Date of Award

Fall 2005

Document Type

Dissertation - Restricted

Degree Name

Doctor of Philosophy (PhD)



First Advisor

Jablonsky, Thomas J.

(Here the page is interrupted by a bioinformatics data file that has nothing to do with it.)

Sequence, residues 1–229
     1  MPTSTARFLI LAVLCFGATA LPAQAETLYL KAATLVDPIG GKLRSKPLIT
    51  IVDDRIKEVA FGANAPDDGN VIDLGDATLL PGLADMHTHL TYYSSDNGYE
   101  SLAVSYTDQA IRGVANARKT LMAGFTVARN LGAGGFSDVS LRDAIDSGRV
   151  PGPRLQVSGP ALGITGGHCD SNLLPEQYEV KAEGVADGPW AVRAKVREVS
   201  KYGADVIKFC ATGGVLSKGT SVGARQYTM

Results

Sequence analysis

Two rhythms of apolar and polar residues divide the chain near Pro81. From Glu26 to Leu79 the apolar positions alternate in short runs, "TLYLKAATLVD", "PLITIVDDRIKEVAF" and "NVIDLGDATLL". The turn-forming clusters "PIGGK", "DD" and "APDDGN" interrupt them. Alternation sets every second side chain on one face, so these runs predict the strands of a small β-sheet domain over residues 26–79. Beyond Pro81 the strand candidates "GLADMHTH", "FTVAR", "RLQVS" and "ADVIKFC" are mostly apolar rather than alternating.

This is a study of urbanization and suburbanization in twentieth century America, using Milwaukee as its focus. Originally, I intended to examine how Milwaukee's political leaders responded to urban decline in the post-World War Two years. However, during the course of my research, a broader story emerged. It became apparent that Milwaukee's policymakers did not "respond" to urban decline but rather proactively sought to reshape the urban landscape of the city by encouraging planned decentralization. They aggressively annexed land to enlarge the city's boundaries and reduce its population density. In the process, they brought so-called "urban issues" to rural and suburban communities that soon grew hostile to Milwaukee's growth. The region thus fragmented politically, as new suburban communities incorporated both to avoid annexation and consciously develop as entities separate from the city. Equally compelling, this process did not begin after World War Two, but after World War One instead. The idea of reshaping and redefining the form and function of cities came from socialists like Charles Whitnall, who was Milwaukee's most influential city planner during the 1920's, and Daniel Hoan, who served as mayor from 1916 to 1940. Milwaukee's annexation program began in the 1920's, and was a direct product of the deep-seated fears of reformers that urbanization was ruining the lives of city dwellers, mainly because cities had become too densely populated. Whitnall and Hoan's ideas and policies remained tremendously influential on the post-World War II generation of policymakers, especially mayor Frank Zeidler, who governed Milwaukee from 1948 to 1960...



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